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    ABSTRACT: K.L.C.); noreen.mahoney@ars.usda.gov (N.M.); ykkim@kookmin.ac.kr (Y.K.K.); bruce.campbell@ars.usda.gov (B.C.C.) Abstract: Natural compounds that pose no significant medical or environmental side effects are potential sources of antifungal agents, either in their nascent form or as structural backbones for more effective derivatives. Kojic acid (KA) is one such compound. It is a natural by-product of fungal fermentation commonly employed by food and cosmetic industries. We show that KA greatly lowers minimum inhibitory (MIC) or fungicidal (MFC) concentrations of commercial medicinal and agricultural antifungal agents, amphotericin B (AMB) and strobilurin, respectively, against pathogenic yeasts and filamentous fungi. Assays using two mitogen-activated protein kinase (MAPK) mutants, i.e., sakA∆, mpkC∆, of Aspergillus fumigatus, an agent for human invasive aspergillosis, with hydrogen peroxide (H 2 O 2) or AMB indicate such chemosensitizing activity of KA is most conceivably through disruption of fungal antioxidation systems. KA could be developed as a chemosensitizer to enhance efficacy of certain conventional antifungal drugs or fungicides.
    International Journal of Molecular Sciences 01/2012; 13:13867-13880. · 2.46 Impact Factor
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    ABSTRACT: In addition to the fungal cellular membrane, the cellular antioxidant system can also be a viable target in the antifungal action of amphotericin B (AMB). Co-application of certain redox-potent natural compounds with AMB actually increases efficacy of the drug through chemosensitization. Some redox-potent chemosensitizers and AMB perturb common cellular targets, resulting in synergistic inhibition of fungal growth. Chemosensitizing activities of four redox-potent benzaldehydes were tested against clinical and reference strains of Candida albicans, C. krusei, C. tropicalis, and Cryptococcus neoformans in combination with AMB, based on assays outlined by the European Committee on Antimicrobial Susceptibility Testing. Two dihydroxybenzaldehydes (DHBAs), i.e., 2,3-DHBA and 2,5-DHBA, significantly enhanced activity of AMB against most strains, as measured by lower minimum inhibitory concentrations and/or minimum fungicidal concentrations (MFCs). A non-hydroxylated benzaldehyde, trans-cinnamaldehyde, showed chemosensitizing activity through lower MFCs, only. Contrastingly, a methoxylated benzaldehyde (3,5-dimethoxybenzaldehyde) had no chemosensitizing activity, as all strains were hypertolerant to this compound. Bioassays using deletion mutants of the model yeast, Saccharomyces cerevisiae, indicated DHBAs exerted their chemosensitizing activity by targeting mitochondrial superoxide dismutase. This targeting, in turn, disrupted the ability of the yeast strains to respond to AMB-induced oxidative stress. These in vitro results indicate that certain DHBAs are potent chemosensitizing agents to AMB through co-disruption of the oxidative stress response capacity of yeasts. Such redox-potent compounds show promise for enhancing AMB-based antifungal therapy for candidiasis and cryptococcosis.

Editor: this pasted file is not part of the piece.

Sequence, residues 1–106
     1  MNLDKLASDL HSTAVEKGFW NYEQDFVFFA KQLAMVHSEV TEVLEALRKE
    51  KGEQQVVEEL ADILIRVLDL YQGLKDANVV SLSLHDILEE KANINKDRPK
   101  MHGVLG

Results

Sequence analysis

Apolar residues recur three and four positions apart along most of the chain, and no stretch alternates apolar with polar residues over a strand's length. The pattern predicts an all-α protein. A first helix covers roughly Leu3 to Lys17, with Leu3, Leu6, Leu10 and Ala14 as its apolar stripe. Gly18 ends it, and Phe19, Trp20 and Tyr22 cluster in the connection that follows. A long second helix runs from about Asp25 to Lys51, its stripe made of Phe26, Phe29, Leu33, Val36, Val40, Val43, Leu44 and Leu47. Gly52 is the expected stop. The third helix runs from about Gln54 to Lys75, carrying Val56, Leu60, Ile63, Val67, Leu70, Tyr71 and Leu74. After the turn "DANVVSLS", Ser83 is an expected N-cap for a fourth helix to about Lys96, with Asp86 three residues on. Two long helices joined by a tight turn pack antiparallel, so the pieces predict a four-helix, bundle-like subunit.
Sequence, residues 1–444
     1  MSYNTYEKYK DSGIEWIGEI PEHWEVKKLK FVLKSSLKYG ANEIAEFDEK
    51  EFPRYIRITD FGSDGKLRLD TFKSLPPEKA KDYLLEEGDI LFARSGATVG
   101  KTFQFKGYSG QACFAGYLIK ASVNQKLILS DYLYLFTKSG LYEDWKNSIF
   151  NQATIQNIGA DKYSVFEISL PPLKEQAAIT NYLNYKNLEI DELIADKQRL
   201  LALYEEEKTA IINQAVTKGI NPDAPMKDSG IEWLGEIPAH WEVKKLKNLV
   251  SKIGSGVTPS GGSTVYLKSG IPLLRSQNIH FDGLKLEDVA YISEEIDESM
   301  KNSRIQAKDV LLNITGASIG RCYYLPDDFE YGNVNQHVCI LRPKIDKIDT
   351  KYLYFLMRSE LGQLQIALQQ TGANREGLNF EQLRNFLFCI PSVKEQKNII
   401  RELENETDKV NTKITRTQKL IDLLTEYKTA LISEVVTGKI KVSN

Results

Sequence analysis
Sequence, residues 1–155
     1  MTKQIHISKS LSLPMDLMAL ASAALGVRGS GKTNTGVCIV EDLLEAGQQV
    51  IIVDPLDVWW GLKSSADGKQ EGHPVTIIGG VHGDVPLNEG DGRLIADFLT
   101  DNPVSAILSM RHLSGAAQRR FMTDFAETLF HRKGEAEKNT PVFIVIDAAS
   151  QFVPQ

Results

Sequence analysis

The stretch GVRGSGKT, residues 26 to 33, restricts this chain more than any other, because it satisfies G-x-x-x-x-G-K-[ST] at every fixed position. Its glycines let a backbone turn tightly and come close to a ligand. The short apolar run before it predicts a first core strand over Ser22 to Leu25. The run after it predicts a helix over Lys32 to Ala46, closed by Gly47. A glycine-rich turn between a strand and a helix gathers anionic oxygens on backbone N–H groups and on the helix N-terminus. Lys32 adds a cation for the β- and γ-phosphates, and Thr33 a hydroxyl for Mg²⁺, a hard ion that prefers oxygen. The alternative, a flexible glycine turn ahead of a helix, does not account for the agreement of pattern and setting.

Frontiers in Microbiology 01/2012; 3:261. · 3.90 Impact Factor